Accessibility links

Breaking News

US Public Gardens Bring People, Plants Together


The United States Botanic Garden located across from the U.S. Capitol is one of the many tourist attractions in Washington, D.C. Visitors can see thousands of beautiful and fascinating plants in the garden and this summer they can experience greenery from across the U.S. As VOA's June Soh reports in a special exhibit, 20 institutions have combined to show the impact of the nation's public gardens. Amy Katz narrates the story.

"Celebrating America's Public Gardens" is the title of the special exhibit at the United States Botanic Garden. Visitors not only can see beautiful and exotic plants displayed in the national garden year round, but also can "visit" the other gardens that they might otherwise never have a chance to see.

The Associate Director of North Carolina's Botanical Gardens, Andrew Bell, points out different plants in the garden. "This is a piece of coast plants of North Carolina, a very unique ecosystem in the southeast. And we want to bring a piece of them up here."

In the summer-long exhibit focusing on the work, diversity and importance of public gardens, 20 institutions from across the nation have constructed displays representative of their work.

Holly Shimizu, executive director of the U.S. Botanic Garden, says the gardens tell a story and have an ever-increasing role in people's lives, "We are in Hawaii right now. This is done by the National Tropical Botanical Garden in Hawaii. And it tells the story of the native plants there and it is all tied in their rich cultures. Because as natural areas are shrinking, we rely more and more on our public gardens, not only for the plants that they are saving but also the places where people can connect with plants and nature. This is an issue that faces humans around the world, whether you are in Africa, Asia or United States, we need public gardens."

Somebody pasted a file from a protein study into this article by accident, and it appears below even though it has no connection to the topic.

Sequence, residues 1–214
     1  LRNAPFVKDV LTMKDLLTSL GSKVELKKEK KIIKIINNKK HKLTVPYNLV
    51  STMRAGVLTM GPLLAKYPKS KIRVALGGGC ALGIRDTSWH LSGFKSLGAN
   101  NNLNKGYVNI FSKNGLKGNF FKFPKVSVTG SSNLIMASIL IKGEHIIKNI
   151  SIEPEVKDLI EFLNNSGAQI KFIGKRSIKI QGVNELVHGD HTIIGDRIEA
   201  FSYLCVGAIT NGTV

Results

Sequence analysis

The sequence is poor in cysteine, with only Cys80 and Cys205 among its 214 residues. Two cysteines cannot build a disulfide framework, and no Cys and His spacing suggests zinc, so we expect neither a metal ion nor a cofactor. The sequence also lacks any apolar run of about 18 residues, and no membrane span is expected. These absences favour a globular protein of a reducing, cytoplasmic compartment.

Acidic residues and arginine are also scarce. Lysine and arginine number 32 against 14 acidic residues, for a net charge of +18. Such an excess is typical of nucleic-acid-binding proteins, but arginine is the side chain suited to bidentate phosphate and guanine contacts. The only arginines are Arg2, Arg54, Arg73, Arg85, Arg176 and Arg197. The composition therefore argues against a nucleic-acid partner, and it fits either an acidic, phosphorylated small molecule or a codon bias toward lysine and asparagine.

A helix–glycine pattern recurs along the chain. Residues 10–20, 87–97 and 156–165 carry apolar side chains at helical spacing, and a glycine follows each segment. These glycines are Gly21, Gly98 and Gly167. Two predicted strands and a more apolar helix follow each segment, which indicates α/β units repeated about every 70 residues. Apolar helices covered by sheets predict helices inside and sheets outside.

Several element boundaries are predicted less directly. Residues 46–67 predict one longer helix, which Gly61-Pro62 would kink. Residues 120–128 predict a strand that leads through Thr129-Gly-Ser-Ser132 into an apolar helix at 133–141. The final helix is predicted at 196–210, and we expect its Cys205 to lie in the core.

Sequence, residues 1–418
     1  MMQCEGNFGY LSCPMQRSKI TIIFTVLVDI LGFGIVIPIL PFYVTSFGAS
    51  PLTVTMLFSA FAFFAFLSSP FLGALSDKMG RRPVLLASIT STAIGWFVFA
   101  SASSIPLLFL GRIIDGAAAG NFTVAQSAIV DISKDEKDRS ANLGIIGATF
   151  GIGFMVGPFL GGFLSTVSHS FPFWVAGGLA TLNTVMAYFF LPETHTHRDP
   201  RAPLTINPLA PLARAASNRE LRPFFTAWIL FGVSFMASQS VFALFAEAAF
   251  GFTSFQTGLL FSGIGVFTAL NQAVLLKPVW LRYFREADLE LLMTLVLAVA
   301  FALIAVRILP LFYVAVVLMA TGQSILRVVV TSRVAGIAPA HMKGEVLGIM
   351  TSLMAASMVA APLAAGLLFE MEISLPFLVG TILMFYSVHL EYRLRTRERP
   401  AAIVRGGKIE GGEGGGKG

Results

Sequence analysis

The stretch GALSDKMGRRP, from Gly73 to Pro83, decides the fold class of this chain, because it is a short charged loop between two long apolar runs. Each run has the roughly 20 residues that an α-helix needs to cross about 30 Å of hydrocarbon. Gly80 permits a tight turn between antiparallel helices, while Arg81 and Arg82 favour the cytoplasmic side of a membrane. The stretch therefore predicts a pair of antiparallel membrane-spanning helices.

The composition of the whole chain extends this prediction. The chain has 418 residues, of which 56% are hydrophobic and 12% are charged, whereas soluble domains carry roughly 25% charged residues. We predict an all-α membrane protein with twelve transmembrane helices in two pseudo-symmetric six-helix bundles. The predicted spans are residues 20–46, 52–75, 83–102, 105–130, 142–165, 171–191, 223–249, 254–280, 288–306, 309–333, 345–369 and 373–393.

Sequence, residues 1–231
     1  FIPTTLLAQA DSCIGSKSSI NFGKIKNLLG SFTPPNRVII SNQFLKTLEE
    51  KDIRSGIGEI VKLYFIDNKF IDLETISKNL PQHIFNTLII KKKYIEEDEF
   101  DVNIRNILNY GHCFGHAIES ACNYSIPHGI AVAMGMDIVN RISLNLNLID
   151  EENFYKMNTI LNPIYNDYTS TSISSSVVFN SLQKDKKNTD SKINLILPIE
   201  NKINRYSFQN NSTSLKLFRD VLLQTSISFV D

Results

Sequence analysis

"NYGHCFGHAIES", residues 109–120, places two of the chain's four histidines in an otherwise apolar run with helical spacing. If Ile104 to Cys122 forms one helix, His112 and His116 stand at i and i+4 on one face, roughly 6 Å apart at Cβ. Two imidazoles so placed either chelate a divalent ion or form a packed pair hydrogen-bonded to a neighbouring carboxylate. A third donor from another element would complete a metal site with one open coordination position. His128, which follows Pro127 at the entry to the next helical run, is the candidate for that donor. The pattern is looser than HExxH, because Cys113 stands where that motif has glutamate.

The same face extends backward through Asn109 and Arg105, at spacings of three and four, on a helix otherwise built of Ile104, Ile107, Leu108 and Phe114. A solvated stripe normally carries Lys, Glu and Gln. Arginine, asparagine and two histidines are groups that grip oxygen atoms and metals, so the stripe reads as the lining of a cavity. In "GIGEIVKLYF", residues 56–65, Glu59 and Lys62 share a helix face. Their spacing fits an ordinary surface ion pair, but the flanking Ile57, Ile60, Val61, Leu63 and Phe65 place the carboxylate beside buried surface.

There is one display garden [in the exhibit] that suggests that plants can play a diplomatic role too. Executive Director Stephen Bloom says his Portland Japanese Garden in Oregon was conceived after World War Two as a way of bringing two nations together. "That was successful. There are now over one hundred Japanese companies, which have offices or company headquarters in Oregon. We continue that wonderful relationship with Japan through gardens. These places are my favorites at the garden," he added.

The U.S. Botanic Garden's officials say the wide variety of living exhibits attract one million visitors annually.

Carly Rippel and her family are on their second visit from New York. "We want to come to the garden because it is just calling to us."

Jared Beard, of West Virginia, says it is educational for first timers "I (learned) just the kind of effort and care that has been put into things like this for the public, the way they take care of the garden, and its beauty and their choice of plants."

Beng Ulep is a foreign tourist from the Philippines. " I have seen here so many species of flowers that we don't have in the Philippines. I enjoyed very much. My heart feels dancing because of the beauty."

Her feelings underscore the goal of public gardeners: to nurture the human soul. They say it is time for people to recognize the importance of these places and the critical role that plants play in our lives.